Based on the predicted size of the incoming class and its residential students, Jones foresees that housing will be similar to pre-pandemic levels, with the expectation of nearly 100% occupancy. However, he added that if the number of incoming students exceeds expectations, ResLife “may triple or quad some first-year rooms,” which has been standard practice in past years.

For returning students, housing deposits opened on Feb. 15, with a submission deadline on March 1. Students could receive housing through the group selection process or room selection overflow process, where decisions will be released on a rolling basis in the spring. 

“We try to grant as many roommate requests as possible, but the ability to do so is dependent on available rooms and the number of requests.” Gregory Jones

The application for the incoming class does not open until June, granting students several weeks to complete registration. Residents are expected to receive their housing status in early August. 

Jones noted that while any student who has met the deadlines and is guaranteed a spot will receive housing, not everyone is confirmed to have their first choice in accommodation. 

“The room selection process relies on a random lottery and with a limited number of each type of housing available … We try to grant as many roommate requests as possible, but the ability to do so is dependent on available rooms and the number of requests,” Jones said.

“The process went well, but it was certainly not the most straightforward.” Abby Grunzinger, FCLC ’25

Some students reported initially feeling stress and confusion while completing the stages of housing registration. 

“The process went well, but it was certainly not the most straightforward,” Abby Grunzinger, Fordham College at Lincoln Center (FCLC) ’25, said. “It was a little stressful in terms of figuring out exactly what to do to get the setup that we wanted.” She cited, specifically, that the housing registration process received by ResLife did not match the registration portal on her screen.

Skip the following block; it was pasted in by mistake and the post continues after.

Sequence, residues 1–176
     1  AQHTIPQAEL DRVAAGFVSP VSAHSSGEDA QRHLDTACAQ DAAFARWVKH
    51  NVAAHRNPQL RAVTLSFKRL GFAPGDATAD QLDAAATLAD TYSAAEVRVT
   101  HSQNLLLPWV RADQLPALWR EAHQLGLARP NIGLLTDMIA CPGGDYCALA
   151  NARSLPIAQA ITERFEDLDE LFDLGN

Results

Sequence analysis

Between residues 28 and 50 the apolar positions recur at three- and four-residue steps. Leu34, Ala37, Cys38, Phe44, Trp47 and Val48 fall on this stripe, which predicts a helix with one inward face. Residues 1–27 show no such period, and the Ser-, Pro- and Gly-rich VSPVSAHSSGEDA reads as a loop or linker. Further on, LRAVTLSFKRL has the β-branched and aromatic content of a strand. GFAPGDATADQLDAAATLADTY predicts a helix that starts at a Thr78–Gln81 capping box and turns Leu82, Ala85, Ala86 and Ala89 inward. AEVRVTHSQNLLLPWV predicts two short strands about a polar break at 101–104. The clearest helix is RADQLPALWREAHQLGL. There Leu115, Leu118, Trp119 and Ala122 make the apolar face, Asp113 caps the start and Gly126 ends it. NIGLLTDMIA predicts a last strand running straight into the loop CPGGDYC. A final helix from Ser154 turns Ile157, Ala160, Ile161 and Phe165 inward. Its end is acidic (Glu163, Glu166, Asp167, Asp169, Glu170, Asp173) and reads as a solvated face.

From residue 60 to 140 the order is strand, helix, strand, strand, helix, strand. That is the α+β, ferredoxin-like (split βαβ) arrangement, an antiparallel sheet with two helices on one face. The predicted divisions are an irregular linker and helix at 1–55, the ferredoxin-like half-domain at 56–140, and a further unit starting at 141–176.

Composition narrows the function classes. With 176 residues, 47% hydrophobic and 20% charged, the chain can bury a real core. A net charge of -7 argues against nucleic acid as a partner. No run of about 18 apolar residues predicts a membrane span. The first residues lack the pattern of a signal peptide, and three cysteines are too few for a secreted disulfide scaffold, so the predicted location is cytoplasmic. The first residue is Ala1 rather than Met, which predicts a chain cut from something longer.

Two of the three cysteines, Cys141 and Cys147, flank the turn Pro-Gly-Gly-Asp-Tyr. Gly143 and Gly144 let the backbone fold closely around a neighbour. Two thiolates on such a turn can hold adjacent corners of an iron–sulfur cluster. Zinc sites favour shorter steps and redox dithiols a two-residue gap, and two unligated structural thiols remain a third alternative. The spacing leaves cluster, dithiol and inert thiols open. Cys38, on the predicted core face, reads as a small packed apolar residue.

Julia Jaramillo, FCLC ’25, said she experienced confusing communication with the Google form supplied by ResLife in search for roommates, due to ResLife urging rising sophomores to make groups of six for housing since that is all that would remain when they registered. Having a short period of time to find other roommates and create a housing plan was challenging and a large source of Jaramillo’s concern. 

“My group and I struggled to find 2 more people (since) the Google form they had to look for roommates wasn’t much of a help because everyone on there was also trying to find just 1 or 2 people to fill a group,” she said.

Grunzinger, at first, grew worried after not receiving a confirmation email upon completion of the selection process but has since felt certain that she will earn the room fit for a group of six following discussions with ResLife that clarified information. 

“I left feeling uneasy about whether or not I actually had a room… Even with these hiccups, (ResLife) was incredibly helpful,” she said. “They were able to answer my questions or very quickly direct me to someone who could.” 

The room selection process ended on March 31, but residents who did not select an apartment will be assigned housing over the summer.